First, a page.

Moving ahead with our series of multi-table tournament tips, we’ve reached that stage of thetournament when the money bubble has burst but has yet to reach the final table. In large field MTTs this stage could last a long time, with hundreds of players cashing. Meanwhile in smaller tournaments it may only take another table’s worth of knockouts or less to get down to the last table.
Here arefive suggestions highlighting important considerations during the “in the money” stage of multi-table tournaments.
1. Recognize the Effect of the Payouts
While tournament structures can differ, in most MTTs the payouts only gradually change with each increase as you proceed from a min-cash to the final table, with the larger jumps only happening once you get down to the final few spots.
To point to an example, in this year’s $10,000 buy-in World Series of Poker Main Event just over 1,000 players made the money, with a minimum cash $15,000. It wasn’t until the field got down to 351 players that those getting knocked out started taking away more than twice the minimum ($32,130). Then much later when it got down to 63 players those being eliminated started cashing for six figures.
Meanwhile the sixth-place prize is $1,463,906, more than twice what the player finishing 10th received ($650,000). And the difference between sixth and the $8 million first prize is even more dramatic — the winner earns well over five times what the sixth-place finisher gets, and more than 12 times the 10th-place prize.
The same is usually true for most MTTs — that is to say, the money jumps going from a min-cash to just before the final table aren’t usually going to be huge, relatively speaking. That means for much of this period the prospect of lasting to the next money jump shouldn’t affect your poker strategy too greatly, or at least not as much as might happen at a final table.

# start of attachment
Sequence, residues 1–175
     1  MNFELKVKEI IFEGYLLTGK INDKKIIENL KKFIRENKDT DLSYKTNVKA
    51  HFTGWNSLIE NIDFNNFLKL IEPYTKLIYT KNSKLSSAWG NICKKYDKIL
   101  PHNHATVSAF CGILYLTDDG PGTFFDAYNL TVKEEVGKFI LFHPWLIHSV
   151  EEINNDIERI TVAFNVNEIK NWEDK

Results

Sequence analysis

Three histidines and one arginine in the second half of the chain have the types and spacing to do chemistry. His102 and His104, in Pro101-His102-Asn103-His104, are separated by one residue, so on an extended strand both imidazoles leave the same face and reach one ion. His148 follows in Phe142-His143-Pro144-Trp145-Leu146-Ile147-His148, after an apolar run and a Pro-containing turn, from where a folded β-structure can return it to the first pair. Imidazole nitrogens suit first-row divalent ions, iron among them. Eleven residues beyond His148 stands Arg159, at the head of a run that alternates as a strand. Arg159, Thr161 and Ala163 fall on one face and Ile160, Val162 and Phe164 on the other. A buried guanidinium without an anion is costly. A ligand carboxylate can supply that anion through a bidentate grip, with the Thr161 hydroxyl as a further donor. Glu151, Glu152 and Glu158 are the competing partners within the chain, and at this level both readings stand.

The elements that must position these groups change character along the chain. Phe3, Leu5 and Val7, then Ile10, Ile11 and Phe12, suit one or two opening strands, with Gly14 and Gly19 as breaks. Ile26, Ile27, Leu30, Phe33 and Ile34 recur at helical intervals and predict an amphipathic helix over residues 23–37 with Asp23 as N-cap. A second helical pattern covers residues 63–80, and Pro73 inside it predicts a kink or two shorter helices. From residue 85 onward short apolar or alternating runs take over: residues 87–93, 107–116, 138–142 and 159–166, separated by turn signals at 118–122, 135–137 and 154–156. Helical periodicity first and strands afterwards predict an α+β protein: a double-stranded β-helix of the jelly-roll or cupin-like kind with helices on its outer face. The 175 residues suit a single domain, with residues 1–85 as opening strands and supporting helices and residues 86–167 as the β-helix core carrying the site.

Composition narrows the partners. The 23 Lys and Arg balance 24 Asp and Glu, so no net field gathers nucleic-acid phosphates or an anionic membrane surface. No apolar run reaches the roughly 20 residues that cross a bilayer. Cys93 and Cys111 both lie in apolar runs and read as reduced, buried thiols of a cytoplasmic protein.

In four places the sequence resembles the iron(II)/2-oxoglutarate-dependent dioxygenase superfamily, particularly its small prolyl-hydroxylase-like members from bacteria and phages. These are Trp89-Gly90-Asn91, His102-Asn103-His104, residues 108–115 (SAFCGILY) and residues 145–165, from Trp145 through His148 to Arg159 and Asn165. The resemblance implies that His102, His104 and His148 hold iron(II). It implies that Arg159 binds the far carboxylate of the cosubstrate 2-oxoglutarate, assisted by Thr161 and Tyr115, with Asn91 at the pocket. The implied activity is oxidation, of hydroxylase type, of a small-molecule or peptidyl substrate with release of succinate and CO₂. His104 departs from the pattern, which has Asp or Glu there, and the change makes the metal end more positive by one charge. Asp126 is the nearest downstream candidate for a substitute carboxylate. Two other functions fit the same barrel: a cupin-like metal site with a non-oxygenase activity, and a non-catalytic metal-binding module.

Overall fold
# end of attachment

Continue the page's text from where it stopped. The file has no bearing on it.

Put another way, in a 300-player tournament in which the top 45 finishers cash, you shouldn’t be overly concerned about the difference between finishing 45th and 35th, since generally the payout will only be slightly higher for the better finish. Meanwhile the difference between finishing 15th and fifth will be much greater, relatively speaking, as (of course) will be the difference between 10th and first.
That said, being able to keep your seat as the field continues to decrease is nonetheless crucial, as you obviously cannot get to those big money spots if you don’t continue to survive.
2. Ride Out the First Wave of Knockouts
Immediately after the bursting of the bubble, there is usually a rapid rush of knockouts as the short stacks who barely made it quickly switch to double-up-or-go-home mode.
If you’re one of these short stacks, do your best to pick a good hand with which to open-push (preferable to calling all in, if you have a choice). Meanwhile, if you have a medium stack or better, this actually can be a time when tightening up is okay to do. Waiting out that first wave of knockouts can often get you a couple of rungs higher on the payout ladder without much risk, but don’t get too comfortable.
At some point — often soon in smaller MTTs — the number of players in the “danger zone” (with 5-6 big blinds or less) reduces down to just a couple or even none, and the tournament enters another phase within this “in the money” stage, one in which you better be ready to stay active.
3. Prepare for Preflop Poker
You’ll find that a certain percentage of players with medium or even larger stacks will continue to remain tight longer than they should once that first wave of knockouts has finished, still hoping to last through more pay jumps. You can steal blinds and antes here more readily against these players, and push them off hands postflop, too.